The 15-year music production and event veteran considers herself a Jill of all trades, and it was a gig at Camp Bisco that brought her to the East Coast, and subsequently kept her there, to where she now calls Asheville, North Carolina, home.
For DelFest, Locklear scoured through antique stores for any items that fit the vibe (old records, rusted milk jugs and frying pans etc.) along with the property itself, finding tons of old railroad spikes to use as well. This along with plant arrangements, hanging lights, and the implementing of the tents and furniture itself.
Perhaps most impressive was the mandolin made largely in part by the guts of a piano along with embroidery hoops and twine.
Setting up highly detailed and rigorous decor is not all Locklear does to enhance festivals.
While working medical at events, Locklear got to talking with a friend about particular services that were lacking in terms of taking care of festival goers who find themselves in bad situations, to which she and a partner started their non-profit, Harmonia.
“We provide sanctuary spaces and harm-reduction services at music events. We act as mediators between security teams, police, and medical teams and festival goers. Our goal is to avoid transports to hospitals or jails due to circumstances that happen when you’re in a new environment and are over-stimulated or under the influence of substances.”
“Our goal and mission is really self-care. We’re trying to give and teach people tools to be able to take care of themselves. Because if you’re able to take care of yourself, you’re more likely to take care of a stranger or a friend.” Their goal is that their service can become obsolete due to people simply getting along and taking care of one another, as compassionate human beings.
With all of the detail and structures that go into the work, Locklear ended up having seven others on her setup team throughout the week leading up to the festival. Locklear was most psyched to see Railroad Earth, The Travelin’ McCourys, and Sierra Hull.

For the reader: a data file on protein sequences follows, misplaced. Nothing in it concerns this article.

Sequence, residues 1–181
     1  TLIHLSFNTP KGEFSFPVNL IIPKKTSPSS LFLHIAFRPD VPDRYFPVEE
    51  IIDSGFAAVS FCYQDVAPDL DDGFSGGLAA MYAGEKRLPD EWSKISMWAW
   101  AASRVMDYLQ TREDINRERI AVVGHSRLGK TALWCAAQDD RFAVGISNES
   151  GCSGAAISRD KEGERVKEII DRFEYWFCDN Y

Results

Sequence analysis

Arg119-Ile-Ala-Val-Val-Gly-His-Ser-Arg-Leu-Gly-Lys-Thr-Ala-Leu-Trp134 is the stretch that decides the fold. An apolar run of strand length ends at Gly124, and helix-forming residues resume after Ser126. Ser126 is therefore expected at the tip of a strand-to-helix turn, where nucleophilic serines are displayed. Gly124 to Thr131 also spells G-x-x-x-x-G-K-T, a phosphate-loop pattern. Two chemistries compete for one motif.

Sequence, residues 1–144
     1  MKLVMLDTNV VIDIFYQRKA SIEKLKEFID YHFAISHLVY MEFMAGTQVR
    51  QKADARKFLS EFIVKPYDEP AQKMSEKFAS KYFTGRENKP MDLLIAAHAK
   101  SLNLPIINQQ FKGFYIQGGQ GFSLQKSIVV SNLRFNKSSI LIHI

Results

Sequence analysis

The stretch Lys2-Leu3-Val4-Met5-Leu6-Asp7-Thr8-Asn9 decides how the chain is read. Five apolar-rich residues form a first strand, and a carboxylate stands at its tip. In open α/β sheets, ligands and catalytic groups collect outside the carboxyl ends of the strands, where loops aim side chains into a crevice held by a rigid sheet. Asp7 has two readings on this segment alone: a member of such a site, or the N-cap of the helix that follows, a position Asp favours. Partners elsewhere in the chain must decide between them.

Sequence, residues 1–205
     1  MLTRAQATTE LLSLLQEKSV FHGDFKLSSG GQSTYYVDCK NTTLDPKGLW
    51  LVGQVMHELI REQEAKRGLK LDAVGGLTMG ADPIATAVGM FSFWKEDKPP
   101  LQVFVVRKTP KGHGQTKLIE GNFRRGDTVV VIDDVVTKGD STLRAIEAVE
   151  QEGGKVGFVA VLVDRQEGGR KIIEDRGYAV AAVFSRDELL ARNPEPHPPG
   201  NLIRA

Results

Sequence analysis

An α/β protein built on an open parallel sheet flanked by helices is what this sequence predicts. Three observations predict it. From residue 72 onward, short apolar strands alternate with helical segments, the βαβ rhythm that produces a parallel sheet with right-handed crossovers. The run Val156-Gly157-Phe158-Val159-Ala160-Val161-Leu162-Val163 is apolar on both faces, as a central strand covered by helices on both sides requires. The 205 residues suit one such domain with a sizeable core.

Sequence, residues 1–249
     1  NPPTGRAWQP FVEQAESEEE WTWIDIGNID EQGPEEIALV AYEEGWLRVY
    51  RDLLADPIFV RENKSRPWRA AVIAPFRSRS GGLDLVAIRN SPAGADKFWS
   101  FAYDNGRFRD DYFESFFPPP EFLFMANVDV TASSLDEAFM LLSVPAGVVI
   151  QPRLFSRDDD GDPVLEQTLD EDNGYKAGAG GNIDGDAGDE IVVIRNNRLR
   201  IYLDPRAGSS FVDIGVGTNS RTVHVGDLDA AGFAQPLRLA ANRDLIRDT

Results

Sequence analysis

I also talked to Julie, a volunteer on site who’d been working the festival since its second year, and also an original member of the Del Army. “DelFest is just a wonderful gathering of all kinds of people, and an appreciation of the music. It’s almost like coming to a great big family reunion for The McCourys. I love it.”
She went on to discuss the hurdles the festival faced and the emergence of the Del Army, as Ronnie touched on. “We basically fought to keep it because we know how important it is to the local community,” she said.
Julie reiterated the story of Del falling in love with the scenery and location, not bothering to see any other spots to host the festival.
With so much turmoil and bad news infiltrating our lives on a daily basis, places like DelFest make you happy to be alive. In the Del bubble, life is good. Cherished memories are made as are new friends, and events like these are reasons for optimism in human kind.
The intricacies and inner workings of festivals run deep, and I think I can say on behalf of all DelFest attendees, we are damn thankful for everybody who makes it happen. And most notably, The Godfather himself- Del McCoury.